During the last ten picks you shift into all out "panic" mode. Any holes in your curve must be filled and if you do not have removal, taunts, card draw or silence then the missing mechanic moves to the top of the priority list. At this point in the draft you might pick an over a and it could be correct. The values of the cards shift completely at this point and this is where experience and feel become extremely important. You must also decide if you have too many of a certain card in your deck and avoid it, even if it seems to be the strongest of the three picks. A good basic rule for judging whether you have too many of a certain card is to imagine if you had two in your hand and asking yourself if that would be negative. Two s is fine for example. Two s is not fine because the four durability makes it hard to use quickly causing the second Assassin’s Blade to become a dead card.
In arena cards that can stand alone have extra value as you cannot rely on getting combo pieces together reliably. However, during this last phase of the draft you can select cards that synergize because you know what you already have. An example of this is a . If you don’t have any big creatures to copy in your own deck then the card is worth much less as you will be relying on your opponent to play something worthy of Facelessing.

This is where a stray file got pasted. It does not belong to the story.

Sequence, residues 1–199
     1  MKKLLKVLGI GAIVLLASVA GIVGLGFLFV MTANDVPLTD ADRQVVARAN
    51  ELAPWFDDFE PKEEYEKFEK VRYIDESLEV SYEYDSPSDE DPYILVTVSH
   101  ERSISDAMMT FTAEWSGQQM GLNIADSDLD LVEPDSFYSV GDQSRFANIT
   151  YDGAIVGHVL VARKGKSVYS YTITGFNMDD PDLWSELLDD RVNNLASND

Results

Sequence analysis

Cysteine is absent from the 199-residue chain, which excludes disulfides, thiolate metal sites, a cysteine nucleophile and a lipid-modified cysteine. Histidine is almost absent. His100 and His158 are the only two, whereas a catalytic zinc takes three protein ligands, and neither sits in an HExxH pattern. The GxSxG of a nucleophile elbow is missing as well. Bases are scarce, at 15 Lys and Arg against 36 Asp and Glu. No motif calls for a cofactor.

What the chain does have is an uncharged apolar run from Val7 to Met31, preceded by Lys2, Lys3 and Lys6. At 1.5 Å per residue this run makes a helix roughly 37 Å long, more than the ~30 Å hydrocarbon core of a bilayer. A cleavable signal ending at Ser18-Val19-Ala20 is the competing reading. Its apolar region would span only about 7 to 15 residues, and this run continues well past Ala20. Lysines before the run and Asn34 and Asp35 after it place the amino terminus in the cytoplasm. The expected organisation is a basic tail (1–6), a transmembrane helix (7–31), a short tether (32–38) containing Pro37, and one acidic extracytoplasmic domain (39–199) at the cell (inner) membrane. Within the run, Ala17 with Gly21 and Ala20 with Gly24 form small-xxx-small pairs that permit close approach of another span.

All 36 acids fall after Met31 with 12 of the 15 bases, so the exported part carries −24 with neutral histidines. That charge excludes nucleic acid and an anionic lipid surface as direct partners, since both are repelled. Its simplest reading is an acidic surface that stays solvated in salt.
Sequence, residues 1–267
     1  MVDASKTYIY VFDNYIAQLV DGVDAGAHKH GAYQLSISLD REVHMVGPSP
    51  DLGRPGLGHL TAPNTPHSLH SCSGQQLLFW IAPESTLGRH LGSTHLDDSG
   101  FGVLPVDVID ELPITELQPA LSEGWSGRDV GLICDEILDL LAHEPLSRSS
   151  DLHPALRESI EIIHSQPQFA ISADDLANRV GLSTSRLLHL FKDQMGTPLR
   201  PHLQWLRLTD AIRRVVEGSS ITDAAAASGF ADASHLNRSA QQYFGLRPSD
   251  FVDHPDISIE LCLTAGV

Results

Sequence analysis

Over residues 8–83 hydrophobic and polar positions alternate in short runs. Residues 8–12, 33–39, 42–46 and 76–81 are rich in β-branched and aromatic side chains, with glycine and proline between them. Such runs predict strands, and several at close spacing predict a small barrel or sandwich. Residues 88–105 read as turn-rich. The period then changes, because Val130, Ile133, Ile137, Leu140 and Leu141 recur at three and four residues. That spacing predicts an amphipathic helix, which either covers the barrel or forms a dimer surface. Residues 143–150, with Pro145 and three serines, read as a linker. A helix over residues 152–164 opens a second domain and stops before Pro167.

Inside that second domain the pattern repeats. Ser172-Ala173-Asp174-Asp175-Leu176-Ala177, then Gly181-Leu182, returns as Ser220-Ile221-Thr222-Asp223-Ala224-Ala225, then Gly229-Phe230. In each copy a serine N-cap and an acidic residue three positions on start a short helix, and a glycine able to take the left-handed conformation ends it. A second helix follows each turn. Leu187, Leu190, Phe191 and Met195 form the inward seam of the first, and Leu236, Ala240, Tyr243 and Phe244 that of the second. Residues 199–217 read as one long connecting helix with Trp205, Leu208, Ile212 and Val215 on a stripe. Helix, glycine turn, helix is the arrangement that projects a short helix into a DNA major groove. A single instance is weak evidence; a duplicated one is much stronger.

Every class also has a certain number of “auto-pick” cards that are just better than most neutrals and you want a lot of. In my next article I will discuss these and some class specific strategies to help you have a better understanding of why some classes are good or bad in arena.
VoD of me drafting a Paladin deck that ended up 9-3
I'll leave you with this final thought. It's important to know the basic value of cards when drafting arena, but lots of people know the basic values. What separates a good arena player from a great one is the ability to adapt throughout the deck building process. Creating constructed decks is more of a science, but as I said earlier, drafting in arena is an art form.
Here I picked the over the since you get 6/6 for 5 compared to 2/2 for 2. This is the 4th pick so we are only concerned with value.
I took the over the because at this point I only had one 2-drop and we are in the middle picks so the value of two drops has risen.
Here we take the again because we are in the last ten picks and we are still light on 2-drops. During the first ten picks I would always take the .
These kinds of picks are common in arena. Fill in the missing mechanic. In this case I have two cards that draw out of 14 so I picked the to help with card advantage. If I had more draw by this point I would go with one of the others as they help with tempo by keeping my creatures alive.
My name is Willie "Dills" Gregory and I host several gaming and sports related podcasts. Among those are the #1 World of Warcraft and Hearthstone podcasts
The Angry Chicken
. I also co-founded the
Mediocre Golf Association
and used to play in punk bands like
Youth Gone Wild
. Now, I'm
Hearthstone on Twitch, sometime WoW or Heroes, and I'd love to share a beer...or two...or five.